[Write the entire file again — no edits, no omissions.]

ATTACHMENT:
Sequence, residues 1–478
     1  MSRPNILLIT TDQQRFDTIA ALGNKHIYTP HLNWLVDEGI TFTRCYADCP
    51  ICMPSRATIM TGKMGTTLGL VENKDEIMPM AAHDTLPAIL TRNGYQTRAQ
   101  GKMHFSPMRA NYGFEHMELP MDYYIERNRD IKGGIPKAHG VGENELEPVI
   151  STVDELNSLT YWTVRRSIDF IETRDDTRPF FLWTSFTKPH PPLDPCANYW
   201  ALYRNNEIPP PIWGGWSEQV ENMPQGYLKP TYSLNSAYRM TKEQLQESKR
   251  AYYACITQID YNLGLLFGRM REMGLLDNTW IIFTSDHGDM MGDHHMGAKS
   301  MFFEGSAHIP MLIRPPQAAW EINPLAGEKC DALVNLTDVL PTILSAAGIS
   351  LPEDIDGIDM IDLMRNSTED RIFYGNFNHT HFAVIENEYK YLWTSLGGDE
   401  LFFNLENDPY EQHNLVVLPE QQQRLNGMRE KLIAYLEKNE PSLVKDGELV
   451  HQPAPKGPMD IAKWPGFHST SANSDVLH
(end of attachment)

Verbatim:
Sequence, residues 1–478
     1  MSRPNILLIT TDQQRFDTIA ALGNKHIYTP HLNWLVDEGI TFTRCYADCP
    51  ICMPSRATIM TGKMGTTLGL VENKDEIMPM AAHDTLPAIL TRNGYQTRAQ
   101  GKMHFSPMRA NYGFEHMELP MDYYIERNRD IKGGIPKAHG VGENELEPVI
   151  STVDELNSLT YWTVRRSIDF IETRDDTRPF FLWTSFTKPH PPLDPCANYW
   201  ALYRNNEIPP PIWGGWSEQV ENMPQGYLKP TYSLNSAYRM TKEQLQESKR
   251  AYYACITQID YNLGLLFGRM REMGLLDNTW IIFTSDHGDM MGDHHMGAKS
   301  MFFEGSAHIP MLIRPPQAAW EINPLAGEKC DALVNLTDVL PTILSAAGIS
   351  LPEDIDGIDM IDLMRNSTED RIFYGNFNHT HFAVIENEYK YLWTSLGGDE
   401  LFFNLENDPY EQHNLVVLPE QQQRLNGMRE KLIAYLEKNE PSLVKDGELV
   451  HQPAPKGPMD IAKWPGFHST SANSDVLH